Oh, yes — and it requires money. Lots of it. (Walthamstow Village LTN cost £20 million; imagine that at scale across London) If the government was serious about this, funds would be available, but they’re not. So we get CCTV and flowerpots that don’t solve anything but only cost peanuts. Lead from the front and people will follow; tell everyone else to do something but do nothing yourself (council failure) and you won’t achieve anything.
A gathering=in of everyone's scattered points could be helpful. I've suggested this to Mike Hakata.
This New Scientist article on LTNs and air pollution is worth a read.
Hmm. The New Scientist article also states:
". . . concentrations of nitrogen dioxide fell by 5.7 per cent within the LTNs and by just under 8.9 per cent on their boundaries." [my italics.)
That research the article states, was based on data supplied by Islington Council.
But then what did you make of this apology by Islington earlier this year?
We seem to be in both senses, going around the houses.
I dunno about you, but I'm reluctant to trust anything less than completely independent no-skin-in-the-game university conducted data collection and analysis.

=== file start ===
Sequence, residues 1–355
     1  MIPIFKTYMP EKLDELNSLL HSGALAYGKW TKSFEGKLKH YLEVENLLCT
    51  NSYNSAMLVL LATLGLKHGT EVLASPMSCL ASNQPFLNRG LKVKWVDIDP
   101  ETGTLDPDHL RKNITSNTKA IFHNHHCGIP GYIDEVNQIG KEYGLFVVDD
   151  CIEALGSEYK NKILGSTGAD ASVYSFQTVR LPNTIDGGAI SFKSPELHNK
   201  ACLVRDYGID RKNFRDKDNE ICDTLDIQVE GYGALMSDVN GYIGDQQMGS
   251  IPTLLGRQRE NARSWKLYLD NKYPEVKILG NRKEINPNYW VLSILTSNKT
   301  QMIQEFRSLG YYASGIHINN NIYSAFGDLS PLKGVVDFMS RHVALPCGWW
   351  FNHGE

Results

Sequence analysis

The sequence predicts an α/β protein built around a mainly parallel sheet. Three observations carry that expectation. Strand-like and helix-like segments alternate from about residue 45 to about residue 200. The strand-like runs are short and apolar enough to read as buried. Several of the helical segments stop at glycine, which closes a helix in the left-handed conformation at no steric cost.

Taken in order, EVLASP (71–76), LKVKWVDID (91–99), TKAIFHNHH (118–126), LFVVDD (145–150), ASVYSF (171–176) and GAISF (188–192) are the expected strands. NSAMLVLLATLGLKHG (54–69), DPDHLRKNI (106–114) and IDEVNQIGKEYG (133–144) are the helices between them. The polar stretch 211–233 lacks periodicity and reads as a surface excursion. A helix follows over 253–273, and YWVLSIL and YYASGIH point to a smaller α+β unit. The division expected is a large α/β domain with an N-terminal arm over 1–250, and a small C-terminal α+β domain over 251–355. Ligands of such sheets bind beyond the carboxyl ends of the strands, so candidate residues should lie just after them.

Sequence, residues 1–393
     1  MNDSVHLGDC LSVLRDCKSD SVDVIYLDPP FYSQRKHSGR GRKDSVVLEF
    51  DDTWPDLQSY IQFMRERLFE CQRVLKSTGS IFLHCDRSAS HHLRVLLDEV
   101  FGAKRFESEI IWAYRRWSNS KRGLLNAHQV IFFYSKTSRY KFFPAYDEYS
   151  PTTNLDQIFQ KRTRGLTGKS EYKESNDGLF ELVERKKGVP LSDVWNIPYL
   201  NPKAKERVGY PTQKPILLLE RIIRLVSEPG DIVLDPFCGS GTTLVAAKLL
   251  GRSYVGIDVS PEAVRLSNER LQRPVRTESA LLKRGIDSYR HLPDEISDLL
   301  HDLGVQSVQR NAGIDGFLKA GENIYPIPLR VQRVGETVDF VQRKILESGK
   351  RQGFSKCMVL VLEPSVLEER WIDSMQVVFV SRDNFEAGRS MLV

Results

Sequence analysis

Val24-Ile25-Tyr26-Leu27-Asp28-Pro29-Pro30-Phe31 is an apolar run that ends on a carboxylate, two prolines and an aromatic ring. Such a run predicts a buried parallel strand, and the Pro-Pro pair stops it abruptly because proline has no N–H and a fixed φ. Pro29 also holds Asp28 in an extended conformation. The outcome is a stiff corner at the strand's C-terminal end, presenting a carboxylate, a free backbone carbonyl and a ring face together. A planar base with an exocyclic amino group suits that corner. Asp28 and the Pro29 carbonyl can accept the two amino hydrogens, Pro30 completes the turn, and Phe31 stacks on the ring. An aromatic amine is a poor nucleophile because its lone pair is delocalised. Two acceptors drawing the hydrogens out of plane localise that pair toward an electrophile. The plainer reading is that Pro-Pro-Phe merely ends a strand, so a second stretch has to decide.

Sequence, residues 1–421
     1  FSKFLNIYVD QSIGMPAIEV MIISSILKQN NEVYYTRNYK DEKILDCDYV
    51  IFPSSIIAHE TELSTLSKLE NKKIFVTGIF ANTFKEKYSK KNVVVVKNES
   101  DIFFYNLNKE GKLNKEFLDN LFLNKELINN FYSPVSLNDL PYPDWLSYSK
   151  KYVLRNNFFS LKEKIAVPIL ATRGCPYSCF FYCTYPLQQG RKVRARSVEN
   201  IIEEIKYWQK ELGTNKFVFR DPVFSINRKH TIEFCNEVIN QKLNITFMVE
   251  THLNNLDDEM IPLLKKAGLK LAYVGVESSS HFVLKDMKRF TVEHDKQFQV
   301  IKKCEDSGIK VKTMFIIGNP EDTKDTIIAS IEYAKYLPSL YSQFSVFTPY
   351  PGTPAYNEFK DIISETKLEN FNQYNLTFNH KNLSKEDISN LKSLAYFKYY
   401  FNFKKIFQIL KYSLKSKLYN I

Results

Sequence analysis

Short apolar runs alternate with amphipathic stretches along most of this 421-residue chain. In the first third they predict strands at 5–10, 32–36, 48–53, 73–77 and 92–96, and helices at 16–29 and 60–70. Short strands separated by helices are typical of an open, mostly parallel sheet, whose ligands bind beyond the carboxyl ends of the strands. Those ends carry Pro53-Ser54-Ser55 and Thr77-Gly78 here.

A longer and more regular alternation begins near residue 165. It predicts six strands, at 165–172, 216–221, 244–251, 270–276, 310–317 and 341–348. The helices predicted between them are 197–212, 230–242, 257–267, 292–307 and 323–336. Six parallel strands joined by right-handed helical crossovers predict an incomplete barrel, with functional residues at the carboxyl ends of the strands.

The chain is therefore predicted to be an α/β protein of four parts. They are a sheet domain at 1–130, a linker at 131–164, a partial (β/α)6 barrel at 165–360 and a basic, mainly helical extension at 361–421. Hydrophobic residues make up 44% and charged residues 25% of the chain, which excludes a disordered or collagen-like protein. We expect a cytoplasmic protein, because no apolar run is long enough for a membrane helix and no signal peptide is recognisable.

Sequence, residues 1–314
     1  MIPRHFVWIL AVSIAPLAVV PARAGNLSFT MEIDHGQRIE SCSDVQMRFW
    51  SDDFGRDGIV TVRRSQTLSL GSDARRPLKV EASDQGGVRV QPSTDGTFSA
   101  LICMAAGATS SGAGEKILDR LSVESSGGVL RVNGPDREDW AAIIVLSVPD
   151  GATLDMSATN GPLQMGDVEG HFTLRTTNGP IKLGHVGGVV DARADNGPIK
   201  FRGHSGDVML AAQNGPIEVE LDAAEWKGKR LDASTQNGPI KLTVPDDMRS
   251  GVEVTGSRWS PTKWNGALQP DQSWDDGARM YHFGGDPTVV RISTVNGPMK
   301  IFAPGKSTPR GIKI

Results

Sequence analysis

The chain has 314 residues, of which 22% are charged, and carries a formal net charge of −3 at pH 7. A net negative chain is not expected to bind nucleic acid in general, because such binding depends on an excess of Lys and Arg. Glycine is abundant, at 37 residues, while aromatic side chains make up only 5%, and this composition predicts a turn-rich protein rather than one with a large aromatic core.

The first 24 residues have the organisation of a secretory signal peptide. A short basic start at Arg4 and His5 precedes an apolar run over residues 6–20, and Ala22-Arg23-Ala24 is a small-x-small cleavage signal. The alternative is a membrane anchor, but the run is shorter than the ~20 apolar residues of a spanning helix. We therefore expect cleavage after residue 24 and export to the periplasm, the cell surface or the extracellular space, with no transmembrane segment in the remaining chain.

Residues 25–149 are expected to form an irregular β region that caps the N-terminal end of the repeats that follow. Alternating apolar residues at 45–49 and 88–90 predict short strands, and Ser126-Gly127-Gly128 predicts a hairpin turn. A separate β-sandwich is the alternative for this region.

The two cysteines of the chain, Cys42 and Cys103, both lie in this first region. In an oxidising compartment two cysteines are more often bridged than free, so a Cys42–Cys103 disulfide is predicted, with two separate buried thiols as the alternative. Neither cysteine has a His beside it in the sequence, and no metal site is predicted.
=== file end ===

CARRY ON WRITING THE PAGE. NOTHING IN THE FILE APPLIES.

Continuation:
The fable of the Boy who cried 'Wolf! and the poem about Matilda who shouted 'Fire!' are intended to teach lessons to children. But not perhaps all politicians and Council PR Departments?
As E.E. Cummings another poet, once told us.
"... children guessed (but only a few
and down they forgot as up they grew"
It’s true generally that when you make better and bigger roads in highly concentrated urban areas , you very quickly get more traffic. So no doubt the opposite happens. The only question for me is was this a well managed programme? Did the community feel like they prepared well in advance? Were innovative new solutions ready to be employed to mitigate? Has risk been assessed for emergency services etc.
The M25 is a good example of vehicles filling the available space. When it was opened in 1986 it was the solution. Now it’s just another traffic problem.